IBS is a condition that affects the digestive system, causing stomach cramps, bloating, nausea, diarrhoea and constipation. It’s normally a lifelong issue, but symptoms come and go. Along with medication, changing your diet might control the symptoms. So, what should you avoid eating if you have IBS?
How do you cure IBS?
There is no cure for IBS, but there are lots of things you can do that will ease your symptoms.
The NHS recommends trying to find ways to relax, and getting plenty of exercise.
The website also suggests trying probiotics for a month, as some IBS-sufferers swear by them.
Probiotics are live bacteria and yeasts that you can take in a pill in order to restore the natural balance of bacteria in your gut, stomach and intenstines, which are often disrupted by IBS.
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What food is bad for IBS?
The first step to finding out which foods to avoid is keeping a food diary- this way you can identify patterns in your symptoms and rule out things that make you feel worse.
Try to cook homemade meals when you can so that you know exactly what is in your food and are able to figure out what triggers your IBS.
Many people with IBS are also gluten intolerant and/or lactose intolerant, so a gluten-free or dairy-free diet may help to improve these individuals’ symptoms.
Normally fatty, spicy and processed foods trigger IBS for a lot of sufferers.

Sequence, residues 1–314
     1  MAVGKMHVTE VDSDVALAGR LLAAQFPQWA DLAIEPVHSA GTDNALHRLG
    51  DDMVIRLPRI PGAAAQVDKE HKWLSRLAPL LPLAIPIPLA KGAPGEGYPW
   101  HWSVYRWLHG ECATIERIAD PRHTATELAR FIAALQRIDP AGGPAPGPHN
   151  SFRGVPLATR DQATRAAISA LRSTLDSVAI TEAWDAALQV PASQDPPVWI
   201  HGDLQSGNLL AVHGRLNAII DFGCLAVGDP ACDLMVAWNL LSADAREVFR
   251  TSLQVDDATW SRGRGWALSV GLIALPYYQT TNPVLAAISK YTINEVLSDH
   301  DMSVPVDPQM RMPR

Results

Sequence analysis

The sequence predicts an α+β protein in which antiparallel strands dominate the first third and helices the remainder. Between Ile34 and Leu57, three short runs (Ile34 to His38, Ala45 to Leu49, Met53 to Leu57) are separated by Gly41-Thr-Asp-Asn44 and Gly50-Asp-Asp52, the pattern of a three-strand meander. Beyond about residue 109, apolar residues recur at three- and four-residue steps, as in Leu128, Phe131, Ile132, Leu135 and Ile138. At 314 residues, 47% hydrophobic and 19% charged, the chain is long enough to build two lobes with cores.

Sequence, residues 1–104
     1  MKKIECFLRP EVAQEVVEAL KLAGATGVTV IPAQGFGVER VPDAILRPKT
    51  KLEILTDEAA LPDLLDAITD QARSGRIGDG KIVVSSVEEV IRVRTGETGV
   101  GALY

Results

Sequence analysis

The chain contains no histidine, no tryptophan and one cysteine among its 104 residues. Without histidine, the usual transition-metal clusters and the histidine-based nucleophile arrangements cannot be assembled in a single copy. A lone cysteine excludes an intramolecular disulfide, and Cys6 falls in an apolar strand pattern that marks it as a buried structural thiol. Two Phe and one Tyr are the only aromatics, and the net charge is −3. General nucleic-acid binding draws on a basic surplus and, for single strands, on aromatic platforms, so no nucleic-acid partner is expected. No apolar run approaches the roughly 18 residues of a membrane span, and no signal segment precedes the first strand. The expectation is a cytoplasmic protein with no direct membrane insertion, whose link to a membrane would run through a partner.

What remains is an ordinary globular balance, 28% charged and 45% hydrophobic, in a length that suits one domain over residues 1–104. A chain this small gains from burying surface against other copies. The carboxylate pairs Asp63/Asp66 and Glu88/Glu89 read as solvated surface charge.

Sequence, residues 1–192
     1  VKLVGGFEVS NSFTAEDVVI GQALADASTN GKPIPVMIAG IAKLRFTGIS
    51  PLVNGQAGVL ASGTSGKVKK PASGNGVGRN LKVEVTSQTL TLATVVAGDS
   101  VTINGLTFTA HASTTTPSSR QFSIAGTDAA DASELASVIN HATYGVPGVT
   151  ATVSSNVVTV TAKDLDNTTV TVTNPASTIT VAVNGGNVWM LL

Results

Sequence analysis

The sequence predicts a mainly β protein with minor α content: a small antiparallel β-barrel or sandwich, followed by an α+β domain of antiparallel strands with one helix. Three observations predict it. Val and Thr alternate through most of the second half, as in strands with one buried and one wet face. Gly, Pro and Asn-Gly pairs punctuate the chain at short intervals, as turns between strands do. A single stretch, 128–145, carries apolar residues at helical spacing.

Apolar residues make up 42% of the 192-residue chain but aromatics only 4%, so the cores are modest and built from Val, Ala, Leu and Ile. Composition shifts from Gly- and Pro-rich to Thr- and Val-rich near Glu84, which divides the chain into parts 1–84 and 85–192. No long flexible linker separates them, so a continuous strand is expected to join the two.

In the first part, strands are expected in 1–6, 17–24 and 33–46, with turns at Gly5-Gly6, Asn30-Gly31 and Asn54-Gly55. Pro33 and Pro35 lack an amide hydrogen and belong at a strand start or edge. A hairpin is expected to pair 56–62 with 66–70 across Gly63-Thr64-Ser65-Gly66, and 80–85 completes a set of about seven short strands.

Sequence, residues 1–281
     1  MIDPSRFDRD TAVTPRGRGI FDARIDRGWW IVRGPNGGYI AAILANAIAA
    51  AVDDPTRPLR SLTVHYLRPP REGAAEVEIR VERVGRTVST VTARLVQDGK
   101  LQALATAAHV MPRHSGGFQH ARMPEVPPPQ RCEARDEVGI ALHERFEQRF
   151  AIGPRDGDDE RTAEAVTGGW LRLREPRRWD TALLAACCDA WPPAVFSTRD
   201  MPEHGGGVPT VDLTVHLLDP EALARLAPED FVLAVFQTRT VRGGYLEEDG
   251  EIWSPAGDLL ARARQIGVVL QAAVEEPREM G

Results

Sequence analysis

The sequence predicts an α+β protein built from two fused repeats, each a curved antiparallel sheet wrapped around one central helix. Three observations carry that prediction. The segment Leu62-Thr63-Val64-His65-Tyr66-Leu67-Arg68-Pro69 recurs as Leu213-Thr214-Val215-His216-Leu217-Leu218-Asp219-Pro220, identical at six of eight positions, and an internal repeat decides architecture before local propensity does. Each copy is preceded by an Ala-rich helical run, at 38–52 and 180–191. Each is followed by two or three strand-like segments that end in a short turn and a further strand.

Even for people without the condition, eating lots of fruit and fibre can cause diarrhoea, so try to limit your intake.
When it comes to drink, you should keep an eye on how much tea, coffee, alcohol and fizzy drinks you are consuming, as these are common culprits for worsening IBS.
As a rule, you should avoid foods that are difficult to digest, as they will cause bloating, cramps and passing wind.
Drink plenty of water to soften your stools and avoid constipation.
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What food is good for IBS?
Start your day with a bowl of porridge, the NHS says.
You should also pop some chia seeds or flaxeed in the mix, as these are great sources of omega-3 fatty acids and fibre, reducing constipation.
Oats, along with other soluble fibre like barley, pulses, root vegetables, peeled potatoes, legumes (like peas), and linseeds, may also relieve constipation.
Choose berries, mangos, oranges and grapefruit over other fruits, as they are also examples of soluble fibre.
Opt for lean meats – white meat such as chicken and turkey, pork, and lean cuts of beef – as they are mostly made up of protein which is easily digestible.
Eggs are also a safe option for most people who have IBS, whether you like them boiled, scrambled, or poached.
Salmon and other high omega 3 fish may be great for reducing inflammation.
What is the FODMAP diet?
The FODMAP (Fermentable Oligosaccharides, Disaccharides, Monosaccharaides, and Polyols) diet focuses on reducing or totally eliminating fermentable, short-chain carbohydrates.
High FODMAP foods are thought to increase fluid in the bowel and create more gas, which results in symptoms similar to those of IBS sufferers.
The FODMAP diet involves restricting lactose, dairy, fructose, added fiber, and some vegetables and pulses.
Speak to your doctor and see if the FODMAP diet would be helpful for you- it’s a great way to identify your triggers.
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